Line 6 ToneCore Pedal Liqua-Flange

To call the Liqua-Flange just a flanger pedal is rather understating things. It's a lot of flangers squashed into a tiny box, with enough flexibility to keep you occupied for weeks.

There are three modes of operation: analog emulates the simple flange sounds of vintage pedals, liquid uses two offset delay signals to emulate the early rackmount flangers, and digital has a flat frequency response for a more modern sound.

Whatever mode you're in, you can choose from no less than 11 waveforms, ranging from the traditional sine and vintage (the latter based on the MXR flanger) settings to the more extreme step and trigger.

These waveforms can then be fine-tuned with the speed, depth, feedback and time controls. The flange speed can also be controlled via the tap tempo function and there's yet another switch (positive/negative) for selecting the phase of the delay line.


This is quite some pedal. In short, the sound quality is excellent and there's a good mix of the traditional and the extreme.

While the crazier sounds are impressive, the Liqua-Flange does the simple sounds well - a gentle chorus or a touch of subtle analogue sweep works well with a clean single-coil sound.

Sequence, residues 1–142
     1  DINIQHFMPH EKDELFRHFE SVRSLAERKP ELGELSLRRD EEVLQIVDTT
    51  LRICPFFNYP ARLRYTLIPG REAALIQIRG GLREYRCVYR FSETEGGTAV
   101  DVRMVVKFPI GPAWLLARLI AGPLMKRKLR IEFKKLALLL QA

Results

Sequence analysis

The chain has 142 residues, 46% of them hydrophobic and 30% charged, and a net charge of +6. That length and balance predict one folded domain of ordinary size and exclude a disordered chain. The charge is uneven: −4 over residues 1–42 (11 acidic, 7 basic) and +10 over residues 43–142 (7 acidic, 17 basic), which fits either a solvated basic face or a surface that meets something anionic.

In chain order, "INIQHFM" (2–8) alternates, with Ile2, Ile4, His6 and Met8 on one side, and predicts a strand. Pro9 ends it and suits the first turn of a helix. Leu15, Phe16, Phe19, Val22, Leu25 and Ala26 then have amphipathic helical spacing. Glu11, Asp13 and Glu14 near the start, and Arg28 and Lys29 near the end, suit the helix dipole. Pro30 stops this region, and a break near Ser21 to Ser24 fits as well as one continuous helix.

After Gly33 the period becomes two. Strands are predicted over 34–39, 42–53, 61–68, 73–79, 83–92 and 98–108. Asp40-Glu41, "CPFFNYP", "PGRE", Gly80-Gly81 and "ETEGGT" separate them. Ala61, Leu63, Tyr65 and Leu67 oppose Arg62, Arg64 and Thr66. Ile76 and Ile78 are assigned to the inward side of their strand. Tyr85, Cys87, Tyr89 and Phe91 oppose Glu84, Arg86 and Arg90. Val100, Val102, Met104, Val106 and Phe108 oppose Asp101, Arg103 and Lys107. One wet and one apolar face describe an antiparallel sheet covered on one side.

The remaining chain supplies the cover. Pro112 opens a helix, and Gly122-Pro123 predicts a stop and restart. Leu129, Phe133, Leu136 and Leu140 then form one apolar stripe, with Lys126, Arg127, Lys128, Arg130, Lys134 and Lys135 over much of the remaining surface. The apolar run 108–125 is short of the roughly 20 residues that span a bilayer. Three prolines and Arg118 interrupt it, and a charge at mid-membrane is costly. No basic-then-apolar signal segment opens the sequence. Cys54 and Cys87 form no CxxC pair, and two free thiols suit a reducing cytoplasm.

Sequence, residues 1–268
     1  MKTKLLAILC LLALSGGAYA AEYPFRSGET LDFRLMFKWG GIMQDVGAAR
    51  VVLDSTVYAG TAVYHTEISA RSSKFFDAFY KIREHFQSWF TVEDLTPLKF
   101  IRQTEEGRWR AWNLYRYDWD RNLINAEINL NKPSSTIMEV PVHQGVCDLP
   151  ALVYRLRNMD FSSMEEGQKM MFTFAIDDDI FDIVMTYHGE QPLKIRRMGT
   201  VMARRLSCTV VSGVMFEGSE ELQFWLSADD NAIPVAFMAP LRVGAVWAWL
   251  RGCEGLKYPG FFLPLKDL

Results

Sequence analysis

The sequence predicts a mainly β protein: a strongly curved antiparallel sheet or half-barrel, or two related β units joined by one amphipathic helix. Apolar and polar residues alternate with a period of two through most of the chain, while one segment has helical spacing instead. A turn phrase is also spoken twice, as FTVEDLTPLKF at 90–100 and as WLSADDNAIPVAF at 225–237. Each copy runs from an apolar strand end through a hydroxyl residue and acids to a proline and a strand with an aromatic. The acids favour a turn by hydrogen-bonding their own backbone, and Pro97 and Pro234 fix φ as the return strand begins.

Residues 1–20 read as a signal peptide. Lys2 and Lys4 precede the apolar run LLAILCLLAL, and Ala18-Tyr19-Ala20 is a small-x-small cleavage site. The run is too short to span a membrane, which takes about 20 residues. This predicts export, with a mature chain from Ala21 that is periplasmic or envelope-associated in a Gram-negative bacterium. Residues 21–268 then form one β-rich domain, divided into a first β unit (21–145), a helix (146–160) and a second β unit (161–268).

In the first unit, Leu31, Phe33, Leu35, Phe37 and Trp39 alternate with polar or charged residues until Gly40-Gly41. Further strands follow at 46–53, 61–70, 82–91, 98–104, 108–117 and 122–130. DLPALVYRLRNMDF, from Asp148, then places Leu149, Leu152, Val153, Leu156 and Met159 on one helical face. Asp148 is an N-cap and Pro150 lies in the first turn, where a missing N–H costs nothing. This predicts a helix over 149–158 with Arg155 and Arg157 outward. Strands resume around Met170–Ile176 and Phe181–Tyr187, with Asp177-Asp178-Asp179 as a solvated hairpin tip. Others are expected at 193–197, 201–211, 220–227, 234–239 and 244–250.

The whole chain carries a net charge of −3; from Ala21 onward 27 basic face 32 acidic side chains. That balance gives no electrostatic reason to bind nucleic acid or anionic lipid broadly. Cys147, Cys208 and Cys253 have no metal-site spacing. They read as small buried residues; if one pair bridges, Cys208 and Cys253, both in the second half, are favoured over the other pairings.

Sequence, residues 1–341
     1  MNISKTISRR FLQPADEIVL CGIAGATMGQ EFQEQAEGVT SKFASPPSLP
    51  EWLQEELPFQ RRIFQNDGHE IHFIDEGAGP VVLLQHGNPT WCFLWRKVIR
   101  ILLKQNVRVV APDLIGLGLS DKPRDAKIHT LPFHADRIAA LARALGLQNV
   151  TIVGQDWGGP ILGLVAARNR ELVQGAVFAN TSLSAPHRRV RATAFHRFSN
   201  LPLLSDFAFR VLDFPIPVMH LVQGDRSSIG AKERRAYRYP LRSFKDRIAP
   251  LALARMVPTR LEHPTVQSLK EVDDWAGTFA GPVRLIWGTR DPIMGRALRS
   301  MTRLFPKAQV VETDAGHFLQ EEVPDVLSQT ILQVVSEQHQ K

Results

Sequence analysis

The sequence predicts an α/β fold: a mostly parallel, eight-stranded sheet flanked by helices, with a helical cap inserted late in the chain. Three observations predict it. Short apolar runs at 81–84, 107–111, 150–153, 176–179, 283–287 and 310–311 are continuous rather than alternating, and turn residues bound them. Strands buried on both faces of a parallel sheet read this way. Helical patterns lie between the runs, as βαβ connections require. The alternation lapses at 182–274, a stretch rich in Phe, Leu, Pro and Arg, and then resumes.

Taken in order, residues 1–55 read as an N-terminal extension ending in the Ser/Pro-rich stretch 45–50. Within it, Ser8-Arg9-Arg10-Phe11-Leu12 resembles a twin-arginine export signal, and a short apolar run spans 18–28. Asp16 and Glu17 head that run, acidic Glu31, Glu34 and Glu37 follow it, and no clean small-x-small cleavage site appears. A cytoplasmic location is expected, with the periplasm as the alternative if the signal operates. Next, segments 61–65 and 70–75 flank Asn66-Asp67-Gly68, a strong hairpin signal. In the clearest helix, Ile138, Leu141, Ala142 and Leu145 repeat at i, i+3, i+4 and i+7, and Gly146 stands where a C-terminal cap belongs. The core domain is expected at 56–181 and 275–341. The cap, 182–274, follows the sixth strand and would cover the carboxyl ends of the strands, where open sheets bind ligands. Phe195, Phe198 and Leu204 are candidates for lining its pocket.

The one difficulty with having so many possibilities is the lack of presets - you'll need to take note of all the cool sounds you dial in.

MusicRadar Rating

4.5 / 5 stars

All the flanger sounds you can think of… and then some.


All those controls could get fiddly on a dark sweaty stage.


Great sounds across a range of styles.

Available Controls

Depth Feedback Phase Speed Tap Time Waveform

Available Sounds

Choice of flanger type (digital/liquid/analog), 11 waveforms, tap tempo

Country of Origin


Effect Types


Flanger Parameters

Depth Speed Time Waveform

Unit Power Source

9 Volt Batteries 9V AC adaptor (not supplied)

Weight (g)


Review Policy
All MusicRadar's reviews are by independent product specialists, who are not aligned to any gear manufacturer or retailer. Our experts also write for renowned magazines such as Guitarist, Total Guitar, Computer Music, Future Music and Rhythm. All are part of Future PLC, the biggest publisher of music making magazines in the world.

Comment on Facebook